Anterior Knee Pain -
Causes, Symptoms, and Treatment

anterior knee pain

One of the most common conditions that bring active young patients to a sports injury clinic is Anterior Knee Pain (AKP). It is a complex condition that happens due to a variety of factors. Patients with AKP appear to have a higher risk of developing osteoarthritis when compared to the general population. Furthermore, AKP can limit your daily activities, prevent you from participating in sports, and even interfere with your sleep, lowering your quality of life.

But the good news is that you can do a lot to help your knee pain in the front.

What is Anterior Knee Pain like?

Anterior Knee Pain is a broad term for pain that originates in the structures in front of your knee.

It refers to the common discomfort or pain felt behind or around the kneecap, also known as the patella. This knee condition is accompanied by a variety of symptoms and anterior knee joint abnormalities that vary in severity and cause.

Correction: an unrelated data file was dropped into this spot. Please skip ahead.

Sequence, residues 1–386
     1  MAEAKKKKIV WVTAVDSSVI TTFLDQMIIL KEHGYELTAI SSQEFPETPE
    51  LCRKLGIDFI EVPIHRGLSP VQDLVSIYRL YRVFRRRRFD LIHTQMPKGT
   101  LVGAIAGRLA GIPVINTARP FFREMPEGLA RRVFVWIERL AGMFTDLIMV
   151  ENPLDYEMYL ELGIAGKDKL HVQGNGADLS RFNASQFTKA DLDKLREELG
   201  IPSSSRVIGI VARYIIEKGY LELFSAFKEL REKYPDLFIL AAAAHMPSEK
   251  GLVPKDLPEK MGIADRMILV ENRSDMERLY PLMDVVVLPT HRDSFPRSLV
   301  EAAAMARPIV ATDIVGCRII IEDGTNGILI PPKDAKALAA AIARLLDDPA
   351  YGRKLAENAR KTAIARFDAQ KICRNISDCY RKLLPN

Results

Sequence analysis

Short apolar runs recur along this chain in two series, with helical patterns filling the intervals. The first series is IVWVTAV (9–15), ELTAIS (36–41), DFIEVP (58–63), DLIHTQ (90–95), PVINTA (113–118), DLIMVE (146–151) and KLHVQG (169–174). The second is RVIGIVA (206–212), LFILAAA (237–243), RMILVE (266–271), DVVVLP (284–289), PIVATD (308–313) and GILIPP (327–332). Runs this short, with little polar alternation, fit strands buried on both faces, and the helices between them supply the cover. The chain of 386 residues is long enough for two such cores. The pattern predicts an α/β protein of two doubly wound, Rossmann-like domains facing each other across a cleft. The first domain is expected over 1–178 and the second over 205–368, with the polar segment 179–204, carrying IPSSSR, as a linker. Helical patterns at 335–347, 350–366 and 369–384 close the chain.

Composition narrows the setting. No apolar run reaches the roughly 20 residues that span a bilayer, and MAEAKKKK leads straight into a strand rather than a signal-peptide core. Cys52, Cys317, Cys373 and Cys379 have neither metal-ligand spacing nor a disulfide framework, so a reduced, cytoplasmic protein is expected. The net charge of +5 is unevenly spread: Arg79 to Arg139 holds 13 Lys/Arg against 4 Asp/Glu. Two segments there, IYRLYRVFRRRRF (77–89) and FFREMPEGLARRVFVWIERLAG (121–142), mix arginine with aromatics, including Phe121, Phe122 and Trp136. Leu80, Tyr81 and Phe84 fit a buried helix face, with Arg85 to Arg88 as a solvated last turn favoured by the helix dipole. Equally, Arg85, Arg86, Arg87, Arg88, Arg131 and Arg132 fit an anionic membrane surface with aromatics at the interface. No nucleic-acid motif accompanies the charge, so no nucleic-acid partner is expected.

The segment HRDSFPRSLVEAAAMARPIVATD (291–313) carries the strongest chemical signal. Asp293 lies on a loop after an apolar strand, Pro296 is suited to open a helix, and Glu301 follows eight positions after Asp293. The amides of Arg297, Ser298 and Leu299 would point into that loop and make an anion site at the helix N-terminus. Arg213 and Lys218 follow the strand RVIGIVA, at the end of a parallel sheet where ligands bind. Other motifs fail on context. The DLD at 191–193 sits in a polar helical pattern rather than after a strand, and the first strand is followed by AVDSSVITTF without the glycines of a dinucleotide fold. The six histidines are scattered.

Commonality of the condition

1 in every 4 adults suffers from knee pain. It is the most common reason people seek medical attention for knee problems.

What are the possible causes of Anterior Knee Pain?

The knee joint is an extremely complex anatomy; thus, in many cases, the actual cause of anterior knee pain is unknown. 

However, some of the major causes of AKP could be as follows:

  • Tightness or weakness in the muscles on the front and back of your thigh.
  • You are engaging in too much activity that puts extra strain on the kneecap (for example, running, jumping or twisting, skiing, or soccer).
  • Your muscles are imbalanced, and your core muscles are possibly weaker.
  • The thighbone groove where the kneecap normally rests is too shallow.
  • You have a pair of flat feet.
  • Your lower leg alignment is improper.